During a backup last week I noticed that my Mac had almost 1.5-million files, each of which was dutifully copied from my Mac to the backup disk. I thought, ‘Surely out of all those files there must be some I don’t really need.’ There were. Here’s how I found them.
Diagnosing The Disk
My Mac is carefully pruned and curated, when files organized neatly into the Documents folder, plus the usually array of photos in Pictures, songs and TV shows in Music, and video clips in Movies.
I was pretty sure the files I manage on my Mac didn’t account for the bulk of the 1.5-million files, so where did they come from?
Disk Diag was the app I used to dig around, discover, and clean up a few hundred thousand files I didn’t really need.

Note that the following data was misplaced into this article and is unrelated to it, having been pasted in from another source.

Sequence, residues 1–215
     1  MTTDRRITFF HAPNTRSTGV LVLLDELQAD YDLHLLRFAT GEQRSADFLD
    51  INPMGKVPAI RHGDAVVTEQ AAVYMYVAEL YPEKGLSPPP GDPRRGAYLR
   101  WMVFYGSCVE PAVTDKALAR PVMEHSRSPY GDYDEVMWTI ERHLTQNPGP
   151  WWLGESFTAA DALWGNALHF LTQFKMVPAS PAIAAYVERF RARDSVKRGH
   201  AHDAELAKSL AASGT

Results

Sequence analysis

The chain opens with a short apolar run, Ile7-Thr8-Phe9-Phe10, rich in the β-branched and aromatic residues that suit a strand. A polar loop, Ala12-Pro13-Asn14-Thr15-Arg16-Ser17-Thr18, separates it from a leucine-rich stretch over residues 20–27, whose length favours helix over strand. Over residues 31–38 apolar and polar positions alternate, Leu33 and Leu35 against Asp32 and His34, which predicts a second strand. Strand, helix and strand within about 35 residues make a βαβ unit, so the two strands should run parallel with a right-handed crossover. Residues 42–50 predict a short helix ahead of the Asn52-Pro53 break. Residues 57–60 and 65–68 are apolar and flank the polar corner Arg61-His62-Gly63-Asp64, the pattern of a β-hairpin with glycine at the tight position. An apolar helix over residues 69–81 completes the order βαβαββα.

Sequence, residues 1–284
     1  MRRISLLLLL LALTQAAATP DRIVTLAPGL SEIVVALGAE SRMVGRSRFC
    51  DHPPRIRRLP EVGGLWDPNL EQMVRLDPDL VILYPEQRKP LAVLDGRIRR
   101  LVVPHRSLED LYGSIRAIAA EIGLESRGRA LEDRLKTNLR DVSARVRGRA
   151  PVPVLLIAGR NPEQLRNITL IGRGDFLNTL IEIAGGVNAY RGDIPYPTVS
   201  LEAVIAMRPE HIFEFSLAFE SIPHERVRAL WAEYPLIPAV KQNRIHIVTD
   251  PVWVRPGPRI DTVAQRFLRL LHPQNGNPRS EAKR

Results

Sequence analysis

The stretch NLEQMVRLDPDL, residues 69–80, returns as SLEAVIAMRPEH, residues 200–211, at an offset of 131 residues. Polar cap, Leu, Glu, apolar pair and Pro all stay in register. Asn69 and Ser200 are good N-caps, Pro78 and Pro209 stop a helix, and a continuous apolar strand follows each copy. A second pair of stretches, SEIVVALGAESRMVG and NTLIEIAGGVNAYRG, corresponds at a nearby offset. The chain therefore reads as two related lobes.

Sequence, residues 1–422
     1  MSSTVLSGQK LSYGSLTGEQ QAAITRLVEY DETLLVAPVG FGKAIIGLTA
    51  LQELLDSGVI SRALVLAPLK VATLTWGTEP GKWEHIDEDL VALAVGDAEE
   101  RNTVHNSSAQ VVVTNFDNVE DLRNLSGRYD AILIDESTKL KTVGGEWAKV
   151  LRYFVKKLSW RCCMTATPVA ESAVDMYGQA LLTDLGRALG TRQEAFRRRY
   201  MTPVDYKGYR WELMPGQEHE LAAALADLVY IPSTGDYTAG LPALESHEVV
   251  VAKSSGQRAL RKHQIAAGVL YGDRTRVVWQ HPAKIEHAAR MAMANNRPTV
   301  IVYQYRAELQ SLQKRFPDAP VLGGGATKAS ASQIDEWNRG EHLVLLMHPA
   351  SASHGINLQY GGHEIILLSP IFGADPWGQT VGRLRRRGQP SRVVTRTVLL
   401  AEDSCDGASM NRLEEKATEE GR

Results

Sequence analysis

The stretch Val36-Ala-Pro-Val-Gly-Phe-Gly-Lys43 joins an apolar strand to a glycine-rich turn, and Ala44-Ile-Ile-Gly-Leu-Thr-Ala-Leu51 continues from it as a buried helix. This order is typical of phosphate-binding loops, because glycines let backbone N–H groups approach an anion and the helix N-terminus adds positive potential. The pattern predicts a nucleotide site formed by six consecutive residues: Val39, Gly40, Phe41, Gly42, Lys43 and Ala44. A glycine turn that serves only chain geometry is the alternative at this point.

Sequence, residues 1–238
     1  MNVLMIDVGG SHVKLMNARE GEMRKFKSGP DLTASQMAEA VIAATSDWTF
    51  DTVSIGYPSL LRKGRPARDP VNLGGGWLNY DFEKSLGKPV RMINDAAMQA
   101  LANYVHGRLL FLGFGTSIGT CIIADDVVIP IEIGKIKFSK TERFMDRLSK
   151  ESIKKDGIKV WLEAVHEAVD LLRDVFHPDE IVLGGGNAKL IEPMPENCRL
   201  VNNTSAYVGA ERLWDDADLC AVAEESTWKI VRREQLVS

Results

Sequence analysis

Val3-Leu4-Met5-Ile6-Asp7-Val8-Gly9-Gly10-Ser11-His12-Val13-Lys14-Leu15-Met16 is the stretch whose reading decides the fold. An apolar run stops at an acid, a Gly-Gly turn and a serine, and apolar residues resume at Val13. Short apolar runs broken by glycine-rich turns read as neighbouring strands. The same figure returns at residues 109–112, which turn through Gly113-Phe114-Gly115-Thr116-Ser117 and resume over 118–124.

This free Mac utility comes with seven basic modules to clean up files on your Mac that you didn’t even know existed.
Some of the modules are obvious, like Downloads (which I normally prune), and Trash (which I delete from time to time.
The other five are modules which combine to find and get rid of caches and logs, browser data, and other files which are stored on the Mac but unneeded.
Disk Diag is made for Mac users who don’t want to get their fingers dirty while perusing through cache files or running Apple’s built-in OS X scripts (which need to run overnight to clean out caches).
Open Disk Diag and let it run to see what it finds. Chances are good that four or five of the built-in modules will find files that need to be deleted. Click to take a look at what’s there, and click Delete Files to have them removed.
When Disk Diag is done it will list the total amount of files that were removed. It’s a quick, painless, easy, and free way to add a few extra gigabytes to your file space. Thousands of four and five star reviews for this handy little app.